The homozygous and heterozygous effects of an aurea mutation on plastid development in spruce (Picea abies (L.) Karst.)
A11 electron niicroscopical investigation has been made of plastid developnienti n spruce plants which are homozygous or heterozygous for a semi-dominant aurea mutation. The cotyledons of normal spruce seedlings synthesise chlorophyll and develop chloroplasts both in the dark and in the light. The chloroplasts in dark-grown seedlings have grana and severa1 prolamellar bodies. No chlorophyll was detected in acetone extracts of light-grown or dark-grown seedlings which were homozygous for the aurea factor. In these yellow lethal seedlings,plastid morphogenesis is blocked prior to the formation of prolamellar bodies. In the yellon-green heterozygous aurea seedlings, clorophyll synthesis is reduced; when grown in the dark they have a clorophyll content that is only 50 per cent of that in corresponding wild type individuals. The chloroplasts of these dark-grown aurea seedlings possess several prolamellar bodies and a poorly differentiated lamellar system, in which the grana usually contain only two or three discs. Aurea plants develop in the light an abnormal lamellar system with grana which appear sickle-shaped in cross-section. The yellon-green needles possess the ability of spontaneous greening. The chloroplasts in older green needles of the mutant are normalised and indistinguishable from wild type chloroplasts.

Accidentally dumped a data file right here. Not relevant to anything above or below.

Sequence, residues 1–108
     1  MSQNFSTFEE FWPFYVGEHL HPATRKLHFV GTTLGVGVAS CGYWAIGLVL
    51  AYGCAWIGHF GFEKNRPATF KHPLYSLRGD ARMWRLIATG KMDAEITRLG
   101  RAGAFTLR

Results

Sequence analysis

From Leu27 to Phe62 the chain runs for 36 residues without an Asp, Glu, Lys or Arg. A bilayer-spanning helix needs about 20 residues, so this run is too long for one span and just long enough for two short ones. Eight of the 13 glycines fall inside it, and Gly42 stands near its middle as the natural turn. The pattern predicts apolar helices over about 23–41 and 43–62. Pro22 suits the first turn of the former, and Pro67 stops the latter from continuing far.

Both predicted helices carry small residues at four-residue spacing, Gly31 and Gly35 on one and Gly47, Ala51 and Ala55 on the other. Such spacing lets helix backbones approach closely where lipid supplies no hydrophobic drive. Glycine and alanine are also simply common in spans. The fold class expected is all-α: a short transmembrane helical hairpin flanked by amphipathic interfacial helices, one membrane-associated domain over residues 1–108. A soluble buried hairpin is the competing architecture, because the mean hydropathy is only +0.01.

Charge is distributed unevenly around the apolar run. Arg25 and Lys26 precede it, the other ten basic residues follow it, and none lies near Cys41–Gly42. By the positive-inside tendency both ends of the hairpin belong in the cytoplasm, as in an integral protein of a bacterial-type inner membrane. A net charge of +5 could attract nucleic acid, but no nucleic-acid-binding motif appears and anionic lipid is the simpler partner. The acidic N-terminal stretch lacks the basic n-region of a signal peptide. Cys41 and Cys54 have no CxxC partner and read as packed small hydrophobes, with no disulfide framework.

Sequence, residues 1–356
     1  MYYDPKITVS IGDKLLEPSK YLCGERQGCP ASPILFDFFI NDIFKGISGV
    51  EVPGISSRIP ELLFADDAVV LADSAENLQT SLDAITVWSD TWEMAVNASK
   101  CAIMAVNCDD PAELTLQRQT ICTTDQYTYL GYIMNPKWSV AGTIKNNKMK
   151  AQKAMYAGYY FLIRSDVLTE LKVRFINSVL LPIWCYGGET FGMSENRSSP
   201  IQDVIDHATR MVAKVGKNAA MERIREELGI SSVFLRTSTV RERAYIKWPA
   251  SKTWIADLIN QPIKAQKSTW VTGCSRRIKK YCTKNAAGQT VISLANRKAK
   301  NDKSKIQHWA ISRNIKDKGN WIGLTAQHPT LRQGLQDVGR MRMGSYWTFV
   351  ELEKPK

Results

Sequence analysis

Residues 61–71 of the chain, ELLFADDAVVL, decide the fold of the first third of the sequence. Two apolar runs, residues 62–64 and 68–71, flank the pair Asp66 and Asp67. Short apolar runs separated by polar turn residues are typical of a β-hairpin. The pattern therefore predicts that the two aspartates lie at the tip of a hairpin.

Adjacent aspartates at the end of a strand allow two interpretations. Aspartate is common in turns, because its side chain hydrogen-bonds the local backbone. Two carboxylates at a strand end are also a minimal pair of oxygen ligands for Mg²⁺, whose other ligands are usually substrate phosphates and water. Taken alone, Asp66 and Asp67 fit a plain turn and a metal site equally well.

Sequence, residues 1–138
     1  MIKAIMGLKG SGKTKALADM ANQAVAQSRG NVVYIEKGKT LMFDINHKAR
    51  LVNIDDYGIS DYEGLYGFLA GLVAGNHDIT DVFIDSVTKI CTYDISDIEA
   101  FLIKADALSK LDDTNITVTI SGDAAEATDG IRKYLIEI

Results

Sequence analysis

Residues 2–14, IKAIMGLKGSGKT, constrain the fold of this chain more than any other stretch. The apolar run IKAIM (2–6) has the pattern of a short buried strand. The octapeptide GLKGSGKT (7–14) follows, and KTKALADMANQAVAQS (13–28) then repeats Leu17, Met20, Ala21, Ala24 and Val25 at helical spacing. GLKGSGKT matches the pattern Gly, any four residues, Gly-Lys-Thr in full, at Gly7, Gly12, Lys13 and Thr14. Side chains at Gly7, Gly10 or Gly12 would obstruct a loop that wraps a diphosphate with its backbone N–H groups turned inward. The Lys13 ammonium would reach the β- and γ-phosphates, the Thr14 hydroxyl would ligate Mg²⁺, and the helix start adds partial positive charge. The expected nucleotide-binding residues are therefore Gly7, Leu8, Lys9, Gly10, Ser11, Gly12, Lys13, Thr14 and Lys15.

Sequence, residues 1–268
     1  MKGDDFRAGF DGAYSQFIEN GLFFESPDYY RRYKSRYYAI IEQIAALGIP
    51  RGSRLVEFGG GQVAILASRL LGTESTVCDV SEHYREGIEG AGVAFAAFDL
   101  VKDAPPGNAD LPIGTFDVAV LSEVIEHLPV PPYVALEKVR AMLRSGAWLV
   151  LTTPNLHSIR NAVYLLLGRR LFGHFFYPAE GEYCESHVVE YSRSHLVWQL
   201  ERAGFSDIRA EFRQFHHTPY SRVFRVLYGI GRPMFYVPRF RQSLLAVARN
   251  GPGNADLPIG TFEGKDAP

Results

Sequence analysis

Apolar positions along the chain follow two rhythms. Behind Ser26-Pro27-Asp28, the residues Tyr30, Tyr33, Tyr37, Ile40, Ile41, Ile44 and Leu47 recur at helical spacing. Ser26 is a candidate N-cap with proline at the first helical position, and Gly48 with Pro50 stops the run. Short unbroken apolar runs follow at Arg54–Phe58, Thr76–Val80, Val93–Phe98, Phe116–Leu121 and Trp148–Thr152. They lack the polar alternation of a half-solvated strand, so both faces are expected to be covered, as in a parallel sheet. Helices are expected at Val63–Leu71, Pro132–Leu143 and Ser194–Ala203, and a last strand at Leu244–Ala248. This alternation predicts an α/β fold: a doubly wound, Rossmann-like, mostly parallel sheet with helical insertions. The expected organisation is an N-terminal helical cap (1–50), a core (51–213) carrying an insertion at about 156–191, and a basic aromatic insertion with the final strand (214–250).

homozygous effects; heterozygous effects; Aurea mutation; Picea abies; plastid development; seedlings
Studia Forestalia Suecica
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